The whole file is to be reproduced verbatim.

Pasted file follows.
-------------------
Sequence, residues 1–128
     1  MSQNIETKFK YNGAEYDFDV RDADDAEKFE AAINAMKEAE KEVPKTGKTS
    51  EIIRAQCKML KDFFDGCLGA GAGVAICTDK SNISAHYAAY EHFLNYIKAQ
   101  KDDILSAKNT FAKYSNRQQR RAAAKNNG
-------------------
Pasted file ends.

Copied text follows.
Sequence, residues 1–128
     1  MSQNIETKFK YNGAEYDFDV RDADDAEKFE AAINAMKEAE KEVPKTGKTS
    51  EIIRAQCKML KDFFDGCLGA GAGVAICTDK SNISAHYAAY EHFLNYIKAQ
   101  KDDILSAKNT FAKYSNRQQR RAAAKNNG